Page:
Friday, February 28, 2014
The Gift by Julie Garwood
Nathan, Marquess of St. James and Lady Sara Winchester's book
The Gift (Crown's Spies book 3)
By Julie Garwood
Child bride Sara Winchester had grown into a winsome beauty, joyfully anticipating the day when her husband Nathan, Marquess of St. James, would return to claim her heart. Charmingly innocent, she dismissed the ancient feud that divided their families, and was totally unaware of his past exploits as the notorious pirate, Pagan. And Nathan was beguiled by Sara's sweet, defiant ways. But her love would soon be tested as a vile conspiracy tries to tear them apart.
I was most ecstatic the other day when I realized that there were two Julie Garwood historical romances out there that I had not yet read. Even more exciting was that I already owned them and they were sitting there on my shelf just waiting for me. I had seen them for so long I just assumed that I had read them. I love Julie Garwood's historical romances so I felt like I won the lottery.
The Gift is book 3 in the Crown Spies series. You can easily read The Gift as a stand alone. There is very little character carry over. Regardless of the previous characters involvement with past books, you will not be lost if you read The Gift out of order.
One of the magical components of a Julie Garwood historical romance is that she often has the bride and groom married near the beginning of the book. The marriage that took place in The Gift occurred right in the prologue and it was one of the earliest aged marriages ever. Nathan was only fourteen years old and Sara was a darling child of four. Of course there was no marital consummation because this forced marriage contract started before Sara could even print. The King, suffering from beginnings of dementia, was tired of the feuding families and arranged this mockery of a marriage. He set up the contract details, married off these youngsters and left the feuding families to deal with the consequences. Ultimately each child was returned to their respective families and for years each family plotted how to get out of the contract.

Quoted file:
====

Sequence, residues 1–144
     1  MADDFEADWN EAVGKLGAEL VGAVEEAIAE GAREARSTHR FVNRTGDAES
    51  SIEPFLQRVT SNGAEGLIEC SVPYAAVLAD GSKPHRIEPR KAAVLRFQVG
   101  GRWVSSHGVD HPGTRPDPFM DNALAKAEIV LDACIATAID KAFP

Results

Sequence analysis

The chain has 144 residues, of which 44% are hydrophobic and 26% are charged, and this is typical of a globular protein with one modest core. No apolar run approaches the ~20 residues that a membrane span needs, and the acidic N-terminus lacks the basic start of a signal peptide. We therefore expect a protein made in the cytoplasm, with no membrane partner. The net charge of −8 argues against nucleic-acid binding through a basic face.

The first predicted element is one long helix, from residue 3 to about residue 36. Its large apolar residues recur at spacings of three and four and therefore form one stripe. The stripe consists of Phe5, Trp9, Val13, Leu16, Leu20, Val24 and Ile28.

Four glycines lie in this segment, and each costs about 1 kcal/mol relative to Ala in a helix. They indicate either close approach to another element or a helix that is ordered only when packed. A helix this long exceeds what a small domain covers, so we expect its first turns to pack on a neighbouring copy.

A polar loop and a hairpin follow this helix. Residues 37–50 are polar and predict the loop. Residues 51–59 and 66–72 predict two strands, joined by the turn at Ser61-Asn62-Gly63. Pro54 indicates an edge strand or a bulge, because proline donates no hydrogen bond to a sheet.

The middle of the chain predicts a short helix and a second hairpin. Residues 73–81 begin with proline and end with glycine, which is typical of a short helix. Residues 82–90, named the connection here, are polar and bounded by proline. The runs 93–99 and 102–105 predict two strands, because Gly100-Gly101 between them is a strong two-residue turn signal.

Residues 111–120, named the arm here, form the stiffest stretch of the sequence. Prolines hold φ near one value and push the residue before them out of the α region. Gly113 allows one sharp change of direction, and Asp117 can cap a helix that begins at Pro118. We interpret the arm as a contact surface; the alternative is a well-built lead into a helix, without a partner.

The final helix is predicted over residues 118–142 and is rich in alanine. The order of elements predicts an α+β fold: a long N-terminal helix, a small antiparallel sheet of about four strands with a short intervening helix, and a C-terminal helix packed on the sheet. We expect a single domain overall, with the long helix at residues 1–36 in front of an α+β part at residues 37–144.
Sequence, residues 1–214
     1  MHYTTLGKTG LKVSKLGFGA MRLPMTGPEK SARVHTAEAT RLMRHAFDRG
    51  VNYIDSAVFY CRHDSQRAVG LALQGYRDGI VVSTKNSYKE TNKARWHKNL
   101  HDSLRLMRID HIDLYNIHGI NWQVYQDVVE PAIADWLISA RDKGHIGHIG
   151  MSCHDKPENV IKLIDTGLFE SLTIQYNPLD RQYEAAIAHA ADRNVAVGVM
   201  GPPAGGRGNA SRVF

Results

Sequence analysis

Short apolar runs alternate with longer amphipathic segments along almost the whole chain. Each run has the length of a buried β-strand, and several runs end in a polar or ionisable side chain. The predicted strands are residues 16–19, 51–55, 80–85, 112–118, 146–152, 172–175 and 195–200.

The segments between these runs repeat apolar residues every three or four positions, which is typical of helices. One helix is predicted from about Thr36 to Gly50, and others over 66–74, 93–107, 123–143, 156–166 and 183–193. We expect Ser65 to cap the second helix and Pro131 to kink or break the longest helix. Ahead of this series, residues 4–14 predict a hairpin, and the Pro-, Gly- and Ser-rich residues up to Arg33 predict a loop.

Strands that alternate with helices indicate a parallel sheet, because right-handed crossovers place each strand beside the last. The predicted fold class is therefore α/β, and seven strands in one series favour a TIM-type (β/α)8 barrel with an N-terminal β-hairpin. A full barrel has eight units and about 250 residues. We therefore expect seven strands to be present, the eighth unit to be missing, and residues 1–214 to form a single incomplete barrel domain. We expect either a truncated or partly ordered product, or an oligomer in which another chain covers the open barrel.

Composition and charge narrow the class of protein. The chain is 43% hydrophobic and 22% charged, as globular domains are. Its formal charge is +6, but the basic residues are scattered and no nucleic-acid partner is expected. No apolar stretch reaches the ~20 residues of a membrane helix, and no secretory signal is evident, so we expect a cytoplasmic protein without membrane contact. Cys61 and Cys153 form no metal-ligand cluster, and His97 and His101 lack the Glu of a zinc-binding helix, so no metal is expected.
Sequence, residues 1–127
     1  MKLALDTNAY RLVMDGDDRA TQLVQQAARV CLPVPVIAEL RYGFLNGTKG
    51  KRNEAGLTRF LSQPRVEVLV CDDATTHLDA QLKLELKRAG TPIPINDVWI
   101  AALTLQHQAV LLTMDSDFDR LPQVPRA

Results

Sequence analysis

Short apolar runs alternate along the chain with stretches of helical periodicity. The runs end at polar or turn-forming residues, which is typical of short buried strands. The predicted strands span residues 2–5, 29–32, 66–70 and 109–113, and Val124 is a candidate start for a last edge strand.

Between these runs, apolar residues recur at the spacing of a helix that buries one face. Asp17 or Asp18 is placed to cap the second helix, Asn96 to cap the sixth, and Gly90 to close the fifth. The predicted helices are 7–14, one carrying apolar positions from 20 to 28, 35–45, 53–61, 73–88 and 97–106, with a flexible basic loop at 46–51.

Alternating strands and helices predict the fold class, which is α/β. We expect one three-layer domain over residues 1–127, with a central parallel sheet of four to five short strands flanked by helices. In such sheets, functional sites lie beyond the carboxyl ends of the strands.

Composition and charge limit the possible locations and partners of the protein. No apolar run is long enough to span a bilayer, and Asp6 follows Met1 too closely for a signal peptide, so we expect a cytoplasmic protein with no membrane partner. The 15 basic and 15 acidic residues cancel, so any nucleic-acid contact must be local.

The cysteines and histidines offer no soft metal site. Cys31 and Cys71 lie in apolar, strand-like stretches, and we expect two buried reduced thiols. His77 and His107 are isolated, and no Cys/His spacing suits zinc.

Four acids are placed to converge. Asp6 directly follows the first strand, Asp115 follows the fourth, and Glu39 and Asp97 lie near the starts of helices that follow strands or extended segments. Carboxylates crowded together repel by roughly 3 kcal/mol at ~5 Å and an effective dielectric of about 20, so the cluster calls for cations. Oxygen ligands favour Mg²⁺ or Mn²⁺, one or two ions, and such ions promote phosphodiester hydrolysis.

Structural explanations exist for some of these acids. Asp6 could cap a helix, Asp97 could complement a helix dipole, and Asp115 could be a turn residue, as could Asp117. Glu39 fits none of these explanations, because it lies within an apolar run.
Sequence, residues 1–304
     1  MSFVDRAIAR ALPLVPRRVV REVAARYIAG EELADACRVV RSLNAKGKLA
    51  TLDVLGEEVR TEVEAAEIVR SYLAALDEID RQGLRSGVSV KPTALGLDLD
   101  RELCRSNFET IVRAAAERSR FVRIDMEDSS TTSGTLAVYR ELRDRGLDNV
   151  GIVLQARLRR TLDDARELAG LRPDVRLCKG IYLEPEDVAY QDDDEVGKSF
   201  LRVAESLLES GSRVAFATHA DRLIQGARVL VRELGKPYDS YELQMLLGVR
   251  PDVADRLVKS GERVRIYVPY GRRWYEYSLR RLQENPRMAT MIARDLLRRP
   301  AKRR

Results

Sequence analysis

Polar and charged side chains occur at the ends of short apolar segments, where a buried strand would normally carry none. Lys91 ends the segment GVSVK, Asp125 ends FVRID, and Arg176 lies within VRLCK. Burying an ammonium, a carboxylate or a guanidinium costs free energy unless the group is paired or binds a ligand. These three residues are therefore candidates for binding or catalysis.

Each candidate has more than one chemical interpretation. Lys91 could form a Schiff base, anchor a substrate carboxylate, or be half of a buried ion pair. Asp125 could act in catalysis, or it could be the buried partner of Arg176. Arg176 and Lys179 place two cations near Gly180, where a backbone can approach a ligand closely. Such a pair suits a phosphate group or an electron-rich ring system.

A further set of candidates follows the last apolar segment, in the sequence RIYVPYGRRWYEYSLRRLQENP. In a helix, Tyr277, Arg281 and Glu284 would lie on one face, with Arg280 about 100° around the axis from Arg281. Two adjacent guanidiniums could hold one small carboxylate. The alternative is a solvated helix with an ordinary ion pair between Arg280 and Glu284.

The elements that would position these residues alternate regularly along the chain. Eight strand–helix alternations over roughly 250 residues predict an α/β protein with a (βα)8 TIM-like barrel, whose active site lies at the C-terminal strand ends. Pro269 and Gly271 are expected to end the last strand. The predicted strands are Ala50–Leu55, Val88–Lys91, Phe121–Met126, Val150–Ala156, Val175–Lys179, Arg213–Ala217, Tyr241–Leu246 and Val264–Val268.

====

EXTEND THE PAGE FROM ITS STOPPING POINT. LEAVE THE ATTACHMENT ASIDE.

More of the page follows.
Once the reader is done with the ceremony in the prologue, the story's first chapter starts 14 yrs later.
Garwood's heroines are my most favourite in the historical genre. They are witty, adorable and they are so innocent that they could be viewed to be on verge of being a bit daft. This innocence is exactly the case with Lady Sara. She is a dreamer, an idealist and so darn likable that you have to forgive her constant mishaps. She believes that since she is married to a ship's captain that the men are her "staff". She deducts that since a captain is the master of a ship she equated that station to that of a Lord of a mansion. She has a heart of gold but unknowingly is oblivious to her surroundings. I dare you not to like her.
Nathan is both patient and yet an overbearing yeller. He scowls and is fiercely protective of her. After their forced marriage as children, neither Nathan or Sara meet again until she is 18 years old. He has no idea what she looks like or what her personality is. All he wants is get married to honour the contract and collect on his due.
I really enjoyed reading about the pair getting to know each other and ultimately fall in love. Sara made me giggle with her antics and Nathan was a great hero for her to fall in love with. I am rating 3.5 because although the story was cute, it did fall a little bit short of what I come to expect from a Julie Garwood historical. So I am rating The Gift against other Garwood stories.
Teasers: saving her aunt, away on the ship, dangerous soup, paradise island